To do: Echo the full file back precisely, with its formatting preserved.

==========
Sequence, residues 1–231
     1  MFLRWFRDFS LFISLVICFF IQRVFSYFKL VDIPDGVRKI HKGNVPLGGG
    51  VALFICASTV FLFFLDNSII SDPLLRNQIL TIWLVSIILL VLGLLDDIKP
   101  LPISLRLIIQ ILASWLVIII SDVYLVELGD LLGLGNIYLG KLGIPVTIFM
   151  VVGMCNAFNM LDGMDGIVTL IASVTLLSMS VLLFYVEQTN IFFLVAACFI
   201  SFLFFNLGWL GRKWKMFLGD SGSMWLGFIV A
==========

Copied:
Sequence, residues 1–231
     1  MFLRWFRDFS LFISLVICFF IQRVFSYFKL VDIPDGVRKI HKGNVPLGGG
    51  VALFICASTV FLFFLDNSII SDPLLRNQIL TIWLVSIILL VLGLLDDIKP
   101  LPISLRLIIQ ILASWLVIII SDVYLVELGD LLGLGNIYLG KLGIPVTIFM
   151  VVGMCNAFNM LDGMDGIVTL IASVTLLSMS VLLFYVEQTN IFFLVAACFI
   201  SFLFFNLGWL GRKWKMFLGD SGSMWLGFIV A